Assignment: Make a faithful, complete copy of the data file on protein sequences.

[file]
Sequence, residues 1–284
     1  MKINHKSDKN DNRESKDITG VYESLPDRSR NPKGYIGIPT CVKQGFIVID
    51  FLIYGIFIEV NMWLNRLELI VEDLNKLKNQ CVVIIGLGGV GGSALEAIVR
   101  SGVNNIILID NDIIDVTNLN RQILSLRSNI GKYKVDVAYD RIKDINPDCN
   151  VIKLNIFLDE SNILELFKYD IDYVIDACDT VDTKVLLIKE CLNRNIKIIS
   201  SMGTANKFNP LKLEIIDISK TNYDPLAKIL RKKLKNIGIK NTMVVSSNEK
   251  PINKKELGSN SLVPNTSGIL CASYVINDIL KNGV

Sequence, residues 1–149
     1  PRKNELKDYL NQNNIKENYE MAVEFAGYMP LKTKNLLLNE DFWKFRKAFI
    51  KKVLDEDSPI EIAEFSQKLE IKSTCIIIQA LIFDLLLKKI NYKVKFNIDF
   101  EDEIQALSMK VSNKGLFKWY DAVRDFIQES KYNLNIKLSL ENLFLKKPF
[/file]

Sequence, residues 1–284
     1  MKINHKSDKN DNRESKDITG VYESLPDRSR NPKGYIGIPT CVKQGFIVID
    51  FLIYGIFIEV NMWLNRLELI VEDLNKLKNQ CVVIIGLGGV GGSALEAIVR
   101  SGVNNIILID NDIIDVTNLN RQILSLRSNI GKYKVDVAYD RIKDINPDCN
   151  VIKLNIFLDE SNILELFKYD IDYVIDACDT VDTKVLLIKE CLNRNIKIIS
   201  SMGTANKFNP LKLEIIDISK TNYDPLAKIL RKKLKNIGIK NTMVVSSNEK
   251  PINKKELGSN SLVPNTSGIL CASYVINDIL KNGV

Sequence, residues 1–149
     1  PRKNELKDYL NQNNIKENYE MAVEFAGYMP LKTKNLLLNE DFWKFRKAFI
    51  KKVLDEDSPI EIAEFSQKLE IKSTCIIIQA LIFDLLLKKI NYKVKFNIDF
   101  EDEIQALSMK VSNKGLFKWY DAVRDFIQES KYNLNIKLSL ENLFLKKPF